“The bitten world holds the biter fast by his own teeth. There he perishes; unconquered nature lives on and forgets him.” – Ralph Waldo Emerson
Written in 1835, the short story Berenice, by Edgar Allan Poe, immediately met with public backlash and censorship because of its gruesome content. Initially written because of a bet with his publisher, Poe tells the story of two cousins, destined to marry, and the bridegroom, Egæus’s doomed obsession with his fiancé, Berenice’s, teeth.
Berenice is the unfolding of one man’s mind, of his obsessions and final act of desecration – his removal of Berenice’s teeth while he is in a trance-like state. Yet it is earlier in the story, when the silent Berenice smiles at her fiancé in the library, that asserts that this story is both at once frightening and laughable. Berenice is full of this duality, and Poe carefully develops this tension between comedy and horror, between assertion and contradiction, in order to prime us for the final inversion – where the mind of a man becomes the teeth of a woman. Poe writes, “of Berenice I more seriously believed que touts ses dents etaient des ideés.”, a pun which plays with the French words dents (teeth) and idées (ideas) together composing dent + idées to create identités (identities). Teeth thus become Egæus’s totality, his sole individuality.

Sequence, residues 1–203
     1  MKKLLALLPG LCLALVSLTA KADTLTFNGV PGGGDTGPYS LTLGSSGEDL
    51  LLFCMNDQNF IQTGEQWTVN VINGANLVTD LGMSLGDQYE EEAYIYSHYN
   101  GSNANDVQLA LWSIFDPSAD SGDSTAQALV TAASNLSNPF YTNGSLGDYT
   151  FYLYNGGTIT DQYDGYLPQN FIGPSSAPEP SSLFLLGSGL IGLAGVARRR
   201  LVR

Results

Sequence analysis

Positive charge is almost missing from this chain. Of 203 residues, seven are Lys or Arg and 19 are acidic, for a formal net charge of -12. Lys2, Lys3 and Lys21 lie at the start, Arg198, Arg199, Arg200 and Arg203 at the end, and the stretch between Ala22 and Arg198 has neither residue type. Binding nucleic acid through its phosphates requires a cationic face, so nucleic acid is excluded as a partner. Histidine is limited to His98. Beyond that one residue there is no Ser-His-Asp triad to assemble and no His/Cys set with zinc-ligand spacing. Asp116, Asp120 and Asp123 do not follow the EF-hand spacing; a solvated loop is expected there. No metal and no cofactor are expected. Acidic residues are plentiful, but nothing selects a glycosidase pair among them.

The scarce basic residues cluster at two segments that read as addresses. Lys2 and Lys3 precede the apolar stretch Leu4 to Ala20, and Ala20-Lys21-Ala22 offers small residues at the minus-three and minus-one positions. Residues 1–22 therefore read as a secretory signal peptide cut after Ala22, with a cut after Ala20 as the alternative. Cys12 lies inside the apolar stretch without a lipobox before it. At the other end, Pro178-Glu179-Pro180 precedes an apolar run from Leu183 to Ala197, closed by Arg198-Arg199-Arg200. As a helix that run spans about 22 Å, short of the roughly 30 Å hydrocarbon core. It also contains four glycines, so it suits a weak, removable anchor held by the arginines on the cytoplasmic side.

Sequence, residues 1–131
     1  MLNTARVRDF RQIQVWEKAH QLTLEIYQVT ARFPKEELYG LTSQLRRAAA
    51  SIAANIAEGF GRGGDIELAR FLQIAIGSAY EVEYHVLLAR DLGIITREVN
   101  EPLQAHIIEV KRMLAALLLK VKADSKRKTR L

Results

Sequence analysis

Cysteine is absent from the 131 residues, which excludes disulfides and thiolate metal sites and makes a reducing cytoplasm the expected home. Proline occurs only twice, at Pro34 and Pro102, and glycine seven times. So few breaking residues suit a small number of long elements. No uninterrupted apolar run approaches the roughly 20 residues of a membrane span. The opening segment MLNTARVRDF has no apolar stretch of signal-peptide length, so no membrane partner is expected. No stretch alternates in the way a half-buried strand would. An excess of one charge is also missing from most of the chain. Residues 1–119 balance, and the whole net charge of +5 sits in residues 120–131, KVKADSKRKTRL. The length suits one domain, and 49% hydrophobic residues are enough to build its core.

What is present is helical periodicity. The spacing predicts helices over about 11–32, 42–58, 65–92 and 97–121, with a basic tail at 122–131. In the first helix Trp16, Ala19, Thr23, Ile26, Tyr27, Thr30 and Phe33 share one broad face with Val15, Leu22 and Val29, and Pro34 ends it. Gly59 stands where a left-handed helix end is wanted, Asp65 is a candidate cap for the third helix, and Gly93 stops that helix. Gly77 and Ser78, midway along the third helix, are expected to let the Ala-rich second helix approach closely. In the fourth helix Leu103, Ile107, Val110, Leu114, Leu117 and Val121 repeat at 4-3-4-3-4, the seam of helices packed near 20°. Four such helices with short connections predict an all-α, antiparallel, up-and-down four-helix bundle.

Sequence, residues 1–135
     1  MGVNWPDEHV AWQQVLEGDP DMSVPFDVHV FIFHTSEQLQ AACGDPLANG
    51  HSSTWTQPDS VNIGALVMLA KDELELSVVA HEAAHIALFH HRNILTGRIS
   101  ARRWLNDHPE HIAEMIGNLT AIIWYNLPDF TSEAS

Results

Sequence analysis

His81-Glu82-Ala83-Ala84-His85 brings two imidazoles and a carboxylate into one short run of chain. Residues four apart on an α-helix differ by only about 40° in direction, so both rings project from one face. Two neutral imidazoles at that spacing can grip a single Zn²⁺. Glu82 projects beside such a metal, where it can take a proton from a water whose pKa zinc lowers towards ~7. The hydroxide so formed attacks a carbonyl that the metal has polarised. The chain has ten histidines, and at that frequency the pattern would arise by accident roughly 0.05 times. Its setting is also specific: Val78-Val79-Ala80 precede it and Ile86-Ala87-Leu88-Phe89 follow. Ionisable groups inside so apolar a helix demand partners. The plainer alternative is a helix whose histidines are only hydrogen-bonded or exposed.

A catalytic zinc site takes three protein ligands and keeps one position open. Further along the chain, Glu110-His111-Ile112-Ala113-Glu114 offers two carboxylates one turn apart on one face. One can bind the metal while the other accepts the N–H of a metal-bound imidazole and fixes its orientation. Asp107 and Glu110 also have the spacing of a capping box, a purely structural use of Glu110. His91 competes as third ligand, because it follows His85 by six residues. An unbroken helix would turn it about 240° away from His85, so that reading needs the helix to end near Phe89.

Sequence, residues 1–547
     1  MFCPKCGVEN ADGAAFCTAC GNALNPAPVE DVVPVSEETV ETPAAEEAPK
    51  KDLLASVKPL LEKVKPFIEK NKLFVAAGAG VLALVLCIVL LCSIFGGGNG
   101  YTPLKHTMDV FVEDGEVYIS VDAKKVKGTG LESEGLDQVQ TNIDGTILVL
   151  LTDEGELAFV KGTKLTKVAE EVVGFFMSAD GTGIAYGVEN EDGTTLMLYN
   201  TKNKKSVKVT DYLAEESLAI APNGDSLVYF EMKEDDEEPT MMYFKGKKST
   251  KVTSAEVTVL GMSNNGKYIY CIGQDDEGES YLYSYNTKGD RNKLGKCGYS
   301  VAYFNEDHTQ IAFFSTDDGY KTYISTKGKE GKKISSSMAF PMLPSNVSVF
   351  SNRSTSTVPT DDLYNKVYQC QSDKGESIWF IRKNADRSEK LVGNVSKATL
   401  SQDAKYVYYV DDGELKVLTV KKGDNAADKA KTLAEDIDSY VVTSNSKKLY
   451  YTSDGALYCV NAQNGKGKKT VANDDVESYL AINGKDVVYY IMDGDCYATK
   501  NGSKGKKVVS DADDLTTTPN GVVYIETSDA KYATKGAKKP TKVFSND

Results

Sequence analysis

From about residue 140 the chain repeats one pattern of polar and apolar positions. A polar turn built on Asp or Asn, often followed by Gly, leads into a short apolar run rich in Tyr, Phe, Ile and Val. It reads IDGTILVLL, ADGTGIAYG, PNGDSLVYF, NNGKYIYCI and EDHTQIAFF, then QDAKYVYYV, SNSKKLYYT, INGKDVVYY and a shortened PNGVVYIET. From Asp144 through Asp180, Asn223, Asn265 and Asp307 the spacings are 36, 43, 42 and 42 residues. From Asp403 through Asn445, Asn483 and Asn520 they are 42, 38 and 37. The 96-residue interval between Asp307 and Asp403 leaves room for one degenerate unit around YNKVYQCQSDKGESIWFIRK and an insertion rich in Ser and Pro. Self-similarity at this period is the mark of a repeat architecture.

In A Bitten World, Vivian Charlesworth embodies the “monomania” of the character of Egæus. By intensely focusing on the creation of teeth in different media and forms, Charlesworth investigates the themes and references present in Poe’s Berenice. Looking towards Poe’s initial inspirations, she investigates the myth of the Egyptian Queen Berenice, the severing of her hair, and ultimate placement in the sky as the constellation “Coma Berenices”, as well as stories such as the salacious tale of 19th century Baltimore gravediggers who stole teeth for dental research. In this examination of Berenice, Charlesworth seeks to figure out how Poe’s gothic gloom subtly subverts narrative expectations and how what we deem the seen world can all too suddenly become a world of seeming.
This project was first shown as part of a residency at the Serlachius Museum in Mänttä, Finland.